• Avatar TheFacts

      @G – What’s the characteristics of your village that means it will not be done by BDUK?

    • Avatar fastman2

      so Gerada whats your village and why is not done — is the exchange enabled ?

    • Avatar TheFacts

      An exchange being called ‘enabled’ just means one or more cabinets has FTTC. The fibre is unlikely to go into a village exchange, but back into the network.

    • Avatar PeterM

      @gerarda
      They have done the semi urban areas first because they give the most brownie points.
      My gripe is that they are not getting on with upgrading the more difficult rural areas fast enough.
      To get to 100% coverage or even 95% coverage there has to be momentum, by spliting the project up into phases that momentum could be lost.

    • Avatar X66yh

      My hamlet’s two cabs are also not being done though the exchange is being enabled.
      Ironically the fibre runs past one cabinet en route to other villages whose cab’s are being done while the cab that it runs past is not being done under BDUK.

      As to why not ? – who knows….
      Possible reasons are
      1. Poor cabs/population distribution areas so a higher than average % of the cab service area population live further away from it so the % able to get high speeds is lower than average for the UK (cab serves approx 180 residences. So its a bad speed uplift/number of residences/£ spent equation.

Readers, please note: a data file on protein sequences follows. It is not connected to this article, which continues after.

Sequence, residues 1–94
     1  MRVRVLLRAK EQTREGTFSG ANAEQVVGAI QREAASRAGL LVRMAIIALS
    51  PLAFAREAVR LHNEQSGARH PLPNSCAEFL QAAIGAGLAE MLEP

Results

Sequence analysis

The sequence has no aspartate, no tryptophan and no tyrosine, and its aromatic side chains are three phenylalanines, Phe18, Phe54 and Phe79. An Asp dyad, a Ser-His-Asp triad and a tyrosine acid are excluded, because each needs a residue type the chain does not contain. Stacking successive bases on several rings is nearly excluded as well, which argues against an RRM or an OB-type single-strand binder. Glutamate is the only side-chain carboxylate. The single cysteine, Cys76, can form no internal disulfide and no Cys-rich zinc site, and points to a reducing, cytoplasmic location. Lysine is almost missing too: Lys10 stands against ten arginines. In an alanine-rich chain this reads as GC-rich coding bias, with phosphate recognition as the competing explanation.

2. A reasonably upmarket area so maybe they hope desperate residents will be stupid enough to pay for the upgrade themselves so BT/BDUK don’t have to.

      We await to see whether it will be done in the post 2015 BDUK extension program (SEP) whose details are yet to be announced.

    • Avatar TheFacts

      @Peter – phasing projects is standard.

    • Avatar PeterM

      @The Facts
      Phasing projects is just an excuse to only half finish a job.

    • Avatar PeterM

      @X66yh
      I guess its reason one.
      Yet another exapmle of a job half finished.
      Just leave it to the next phase!
      The village of Nutbourne on the West Chiltington exchange has also been forgoten, they just have up to 2Mbps. Some of the long lines on my cabinet 4 on the West Chiltington exchange are still on dial up!

    • Avatar TheFacts

      @Peter – might be a problem with Crossrail then…

    • Avatar PeterM

      Nah. Just politicians prating about.

    • Avatar fastman2

      XY66yh you could always have a conversation direct with openreach around gp funding for your village – see openreach FAQ’s

  10. Avatar Sledgehammer

    Total up the 44 percentage rises and you get a average increase of 11.58%.
    Total up the actual numbers from the previous data supplied 2,157,292 multiplied by 11.58% gives a new total of 2,407.106. Giving a net gain of 249,814 new FTTC users.

  11. Avatar JamieR

    Why is uptake in Northern Ireland so low when it was one of the first to roll out FTTC?

    • Avatar gerarda

      This presumably relates to the phase two and possibly phase three take up not the roll out completed in 2011 that was supposed to (but presumably did not)achieve 95% coverage